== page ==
Legends Collision LLC et al v. State Farm Mutual Automobile Insurance Company et al

Filing 128

ORDER denying #122 Motion for Reconsideration. Signed by Judge Gregory A. Presnell on 1/27/2017. (ED)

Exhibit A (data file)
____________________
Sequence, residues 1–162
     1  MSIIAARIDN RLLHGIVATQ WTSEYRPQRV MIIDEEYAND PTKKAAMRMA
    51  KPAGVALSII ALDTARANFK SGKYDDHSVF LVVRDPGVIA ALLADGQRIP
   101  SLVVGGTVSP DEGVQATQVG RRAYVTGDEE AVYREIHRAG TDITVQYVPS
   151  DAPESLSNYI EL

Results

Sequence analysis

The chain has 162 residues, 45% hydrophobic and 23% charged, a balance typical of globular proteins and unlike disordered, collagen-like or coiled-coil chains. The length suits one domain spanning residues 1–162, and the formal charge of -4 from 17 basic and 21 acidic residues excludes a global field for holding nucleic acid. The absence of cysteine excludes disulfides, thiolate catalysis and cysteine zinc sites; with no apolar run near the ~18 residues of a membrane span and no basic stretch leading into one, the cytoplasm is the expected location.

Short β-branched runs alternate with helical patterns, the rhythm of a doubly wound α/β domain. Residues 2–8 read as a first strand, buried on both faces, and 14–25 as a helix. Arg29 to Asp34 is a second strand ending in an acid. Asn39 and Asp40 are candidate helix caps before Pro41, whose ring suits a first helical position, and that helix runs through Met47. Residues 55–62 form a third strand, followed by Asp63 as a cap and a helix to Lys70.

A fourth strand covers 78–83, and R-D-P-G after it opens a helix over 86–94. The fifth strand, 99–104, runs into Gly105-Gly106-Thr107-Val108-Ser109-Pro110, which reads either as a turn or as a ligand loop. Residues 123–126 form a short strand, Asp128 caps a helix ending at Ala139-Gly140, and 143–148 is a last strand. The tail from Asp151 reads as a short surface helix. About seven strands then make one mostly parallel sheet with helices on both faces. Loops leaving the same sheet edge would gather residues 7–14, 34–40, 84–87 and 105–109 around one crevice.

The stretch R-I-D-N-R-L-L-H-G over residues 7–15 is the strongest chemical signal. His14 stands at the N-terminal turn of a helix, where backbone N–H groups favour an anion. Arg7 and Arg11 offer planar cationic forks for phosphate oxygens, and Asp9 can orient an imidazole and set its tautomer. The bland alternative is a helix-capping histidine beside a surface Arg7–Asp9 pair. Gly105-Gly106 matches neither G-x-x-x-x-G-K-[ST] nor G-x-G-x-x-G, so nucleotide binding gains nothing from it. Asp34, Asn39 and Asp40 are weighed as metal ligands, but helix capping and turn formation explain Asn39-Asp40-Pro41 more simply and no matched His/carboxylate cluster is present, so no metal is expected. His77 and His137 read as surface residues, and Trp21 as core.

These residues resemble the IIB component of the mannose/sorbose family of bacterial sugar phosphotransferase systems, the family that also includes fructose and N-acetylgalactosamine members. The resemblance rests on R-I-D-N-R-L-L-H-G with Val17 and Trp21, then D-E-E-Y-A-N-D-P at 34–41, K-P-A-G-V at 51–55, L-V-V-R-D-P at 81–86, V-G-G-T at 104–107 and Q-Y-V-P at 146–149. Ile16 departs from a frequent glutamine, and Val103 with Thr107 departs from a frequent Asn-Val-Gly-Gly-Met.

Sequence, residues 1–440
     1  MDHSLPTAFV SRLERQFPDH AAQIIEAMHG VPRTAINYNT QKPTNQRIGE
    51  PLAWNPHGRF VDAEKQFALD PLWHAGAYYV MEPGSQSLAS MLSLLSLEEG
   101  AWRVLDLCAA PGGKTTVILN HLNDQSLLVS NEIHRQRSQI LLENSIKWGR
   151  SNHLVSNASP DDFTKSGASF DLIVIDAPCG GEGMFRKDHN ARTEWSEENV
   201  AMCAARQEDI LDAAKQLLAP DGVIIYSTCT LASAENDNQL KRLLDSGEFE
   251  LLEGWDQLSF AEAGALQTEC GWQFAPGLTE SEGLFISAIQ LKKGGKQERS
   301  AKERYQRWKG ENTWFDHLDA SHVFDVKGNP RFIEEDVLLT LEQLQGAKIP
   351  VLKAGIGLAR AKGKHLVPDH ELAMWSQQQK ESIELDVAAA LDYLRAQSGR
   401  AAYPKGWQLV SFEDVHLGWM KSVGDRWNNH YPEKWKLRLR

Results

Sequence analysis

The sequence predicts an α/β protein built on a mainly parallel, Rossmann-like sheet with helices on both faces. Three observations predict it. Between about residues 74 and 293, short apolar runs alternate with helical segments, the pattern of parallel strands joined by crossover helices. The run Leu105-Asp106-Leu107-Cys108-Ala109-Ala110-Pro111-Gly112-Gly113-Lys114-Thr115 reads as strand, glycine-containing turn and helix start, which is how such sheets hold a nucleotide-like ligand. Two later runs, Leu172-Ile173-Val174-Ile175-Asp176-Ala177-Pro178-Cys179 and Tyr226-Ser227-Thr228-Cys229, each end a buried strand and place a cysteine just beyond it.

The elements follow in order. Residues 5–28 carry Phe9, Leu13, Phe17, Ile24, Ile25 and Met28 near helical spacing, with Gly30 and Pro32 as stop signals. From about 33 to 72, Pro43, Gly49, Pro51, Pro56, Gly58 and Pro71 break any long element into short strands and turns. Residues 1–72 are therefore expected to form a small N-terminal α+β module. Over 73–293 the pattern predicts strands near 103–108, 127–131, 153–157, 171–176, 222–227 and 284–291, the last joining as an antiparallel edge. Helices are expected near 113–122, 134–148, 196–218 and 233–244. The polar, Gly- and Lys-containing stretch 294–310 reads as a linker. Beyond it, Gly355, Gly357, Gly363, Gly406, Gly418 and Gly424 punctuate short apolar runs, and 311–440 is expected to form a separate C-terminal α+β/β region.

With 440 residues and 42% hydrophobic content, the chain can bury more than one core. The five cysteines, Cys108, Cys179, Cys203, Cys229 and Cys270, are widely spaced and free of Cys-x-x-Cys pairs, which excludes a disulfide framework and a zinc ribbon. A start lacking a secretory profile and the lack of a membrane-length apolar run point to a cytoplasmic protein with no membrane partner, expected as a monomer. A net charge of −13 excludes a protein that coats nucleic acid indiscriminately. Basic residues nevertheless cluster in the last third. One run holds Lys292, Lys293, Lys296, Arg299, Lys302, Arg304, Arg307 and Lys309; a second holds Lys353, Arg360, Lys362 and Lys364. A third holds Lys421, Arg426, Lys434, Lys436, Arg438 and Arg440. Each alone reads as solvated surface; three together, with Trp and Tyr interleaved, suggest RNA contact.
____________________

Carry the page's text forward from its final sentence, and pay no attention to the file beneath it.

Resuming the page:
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UNITED STATES DISTRICT COURT MIDDLE DISTRICT OF FLORIDA ORLANDO DIVISION LEGENDS COLLISION CENTER, LLC, et al., Plaintiffs, v. Case No: 6:14-cv-6006-Orl-31TBS STATE FARM MUTUAL AUTOMOBILE INSURANCE COMPANY, et al., Defendants. ORDER This matter comes before the Court without a hearing on the Motion for Reconsideration (Doc. 122) filed by the Plaintiffs and the responses in opposition (Doc. 124-125) filed by various groups of Defendants. The Plaintiffs seek reconsideration of this Court’s order of December 22, 2016 (Doc. 119), adopting the Report and Recommendation of the Magistrate Judge (Doc. 108) and dismissing with prejudice the First Amended Complaint (Doc. 93). I. Legal Standard The federal rules do not specifically provide for the filing of a “motion for reconsideration.” Van Skiver v. United States, 952 F.2d 1241, 1243 (10th Cir. 1991), cert. denied, 506 U.S. 828, 113 S.Ct. 89, 121 L.Ed.2d 51 (1992). However, it is widely recognized that Rule 59(e) encompasses motions for reconsideration. 11 Charles Alan Wright, et al., Federal Practice & Procedure § 2810.1 (3d ed.). In the interests of finality and conservation of scarce judicial resources, reconsideration is an extraordinary remedy, to be employed sparingly. U.S. v. Bailey, 288 F.Supp.2d 1261, 1267 (M.D. Fla. 2003). A busy district court need not allow itself to be imposed upon by the presentation of theories seriatim. Nat. Leasing, Inc. v. Woods, 687 F.2d 117, 121 (5th Cir. 1982). 1 The decision to alter or amend a judgment is committed to the sound discretion of the district court. O’Neal v. Kennamer, 958 F.2d 1044, 1047 (11th Cir. 1992). Appropriate circumstances for reconsideration include situations in which the Court has obviously misapprehended a party’s position, the facts, or mistakenly has decided an issue not presented for determination. Anderson v. United Auto Workers, 738 F.Supp. 441, 442 (D. Kan. 1990). Generally speaking, the authorities recognize four basic grounds upon which a Rule 59(e) motion may be granted. First, the movant may demonstrate that the motion is necessary to correct manifest errors of law or fact upon which the judgment is based. Second, the motion may be granted so that the moving party may present newly discovered or previously unavailable evidence. Third, the motion will be granted if necessary to prevent manifest injustice. Serious misconduct of counsel may justify relief under this theory. Fourth, a Rule 59(e) motion may be justified by an intervening change in controlling law. 11 Charles Alan Wright, et al., Federal Practice & Procedure § 2810.1 (3d ed.). Parties cannot use a Rule 59(e) motion to relitigate old matters, Michael Linet, Inc. v. Village of Wellington, Fla., 408 F.3d 757, 763 (11th Cir. 2005), or to raise new legal arguments which could and should have been made during the pendency of the underlying motion, Sanderlin v. Seminole Tribe of Florida, 243 F.3d 1282, 1292 (11th Cir. 2001). Where a party attempts to introduce previously unsubmitted evidence in support of a motion to reconsider, the party must make some showing that the evidence previously was unavailable. Mays v. U.S. Postal Service, 122 F.3d 43, 46 (11th Cir. 1997) (citing, inter alia, Engelhard Indus. v. Research 1 In Bonner v. City of Prichard, 661 F.2d 1206, 1209 (11th Cir. 1981) (en banc), the United States Court of Appeals for the Eleventh Circuit adopted as binding precedent all decisions of the former Fifth Circuit handed down prior to October 1, 1981. -2- Instrumental Corp., 324 F.2d 347, 352 (9th Cir. 1963), cert. denied, 377 U.S. 923, 84 S.Ct. 1220, 12 L.Ed.2d 215 (1964)). To avoid repetitive arguments on issues already considered fully by the court, rules governing reargument are narrowly construed and strictly applied. St. Paul Fire & Marine Ins. Co. v. Heath Fielding Ins. Broking Ltd., 976 F.Supp. 198 (S.D. N.Y. 1996). II. Analysis The Court dismissed the Plaintiffs’ price-fixing claim (Count I) after finding that the First Amended Complaint did not include sufficient factual allegations to suggest that the Defendants had entered into an agreement to fix prices. (Doc. 119 at 13). The Plaintiffs assert that Count I should not have been dismissed because the First Amended Complaint included certain “admissions of wrongdoing” that the Court failed to consider. (Doc. 122 at 2). As the Plaintiffs implicitly admit, at least one reason the Court failed to consider them is that the Plaintiffs failed to bring them to the Court’s attention in its response to the motion, citing instead to a different portion of the First Amended Complaint. The Plaintiffs now argue that the Court was obligated to go beyond the arguments raised by counsel, scouring the (88-page) First Amended Complaint for allegations to support the Plaintiffs’ arguments. The Plaintiffs provide no citation to authority requiring the Court to act, in essence, as an advocate for a represented party. If the Plaintiffs had properly identified the (additional) material on which they now seek to rely, it would have made no difference. The Plaintiffs now point to paragraphs 214-217 from the First Amended Complaint as, in the Plaintiffs’ words, “directly inculpating the Defendant insurers in an attempt to fix prices.” (Doc. 122 at 2-3). However, when those four paragraphs are read in context with the paragraph that preceded them (which the Plaintiffs did not cite), it is clear that what is being asserted is not participation in an agreement to fix prices but instead – at worst – conscious parallelism, an issue addressed at length in the relevant order: -3- 213. Despite the fact that State Farm Defendants go through elaborate efforts to keep the market rate survey results a secret and none of the other Defendant insurers perform market rates surveys, every Defendant insurer refuses to pay more than what State Farm designates as the market rate. 214. And, importantly, Defendant insurers’ price fixing of labor rates is not limited to Arizona; rather, it occurs on a national scale. For example, in Pennsylvania, a representative of Progressive Defendants explained that body shops do not “affect pricing;” rather, the insurance companies get together to determine rates and that new rates would likely be determined at a “big meeting” that was scheduled in April 2015. 215. In Oklahoma, a representative of USAA Defendants told a body shop that USAA’s rates would likely be increasing soon because the new State Farm survey result had just been circulated. Similarly, an Allstate Defendant representative in Georgia has stated that rates were contingent upon State Farm. 216. One of State Farm Defendants’ agents admitted that State Farm Defendants deliberately suppress labor rates so that the “prevailing competitive price” is “whatever State Farm wants it to be.” The agent further admitted that State Farm Defendants purposefully rely on out-of-date financial information, including labor rates that are “about twenty years old,” for the market rate survey. 217. The same agent stated that the allegations in the Louisiana Attorney General’s action against State Farm, State of Louisiana, ex rel. Caldwell v. State Farm, No. 6:14-cv-6017 … are true. Specifically, the agent stated that “we all do that,” “every iota is the truth . . . when you read [the complaint], it’s like, ‘that’s us.’” (Doc. 93 at 40) (boldface added). In the absence of an agreement to do so, it is not a violation of the antitrust laws for the other Defendant insurance companies to “refuse[] to pay more than what State Farm designates as the market rate.” Even after construing all reasonable inferences in favor of the Plaintiffs, these paragraphs do not include factual assertions that, taken as true, suggest that the Defendants entered into an agreement to set the prices that they would pay for auto repairs. Most of the assertions in these paragraphs are concerned with State Farm setting its rates and the other insurers following along (as opposed to entering an agreement to do so). But -4- even the assertions that could conceivably be interpreted as being about price-fixing – such as the paraphrased assertion that “insurance companies get together to determine rates” (Doc. 93 at 40) fall short of positively asserting the existence of an agreement and could have a benign explanation. The assertions are entirely vague, and there is no way to tell the context in which they were made. Moreover, the “representatives” are not identified – even by position – and therefore there is no way to assess whether the people making these assertions would have known of any price-fixing. 2 The Plaintiffs’ remaining arguments regarding Count I do not warrant extended discussion. The Plaintiffs complain that they were previously unaware of the deficiency of the aforementioned assertions, and that a dismissal with prejudice was therefore an abuse of discretion. (Doc. 122 at 6). But the deficiency that led to the dismissal was in regard to the allegations of an agreement to fix prices – a deficiency the Court has pointed out repeatedly and which the Plaintiffs have had numerous opportunities to correct. The Plaintiffs object that the Court required them to “establish” the existence of an agreement, when all that is required is that they “merely give fair notice of the claim” to the Defendants. (Doc. 122 at 6). Not so. Plaintiffs must provide enough factual allegations to raise a right to relief above the speculative level, Bell Atlantic Corp. v. Twombly, 550 U.S. 544 (2007), and to indicate the presence of the required elements, Watts v. Fla. Int’l Univ., 495 F.3d 1289, 1302 (11th Cir. 2007). Stating a claim under Section 1 of the 2 The Plaintiffs complain that they should not be required to identify their witnesses at this stage of the proceedings (Doc. 122 at 4). The Court did not suggest otherwise. All that would be required is something to explain why the speaker possesses the information. To put it another way, if one assumes that State Farm is part of a secret price-fixing conspiracy – with billions of dollars in penalties at stake if its existence were to be revealed – it seems exceedingly unlikely that every one of the tens of thousands of State Farm employees is let in on that secret. Thus, merely saying that the speaker works for State Farm is not enough, on its own, to make that person’s vague assertions about the conspiracy plausible. -5- Sherman Act requires “a complaint with enough factual matter (taken as true) to suggest that an agreement was made.” Twombly, 550 U.S. at 556. Beyond these points, the Plaintiffs spend numerous pages re-raising arguments already rejected by the Court in connection with the motions to dismiss. In consideration of the foregoing, it is hereby ORDERED that the Motion for Reconsideration (Doc. 122) is DENIED. DONE and ORDERED in Chambers, Orlando, Florida on January 24, 2017. Copies furnished to: Counsel of Record Unrepresented Party -6-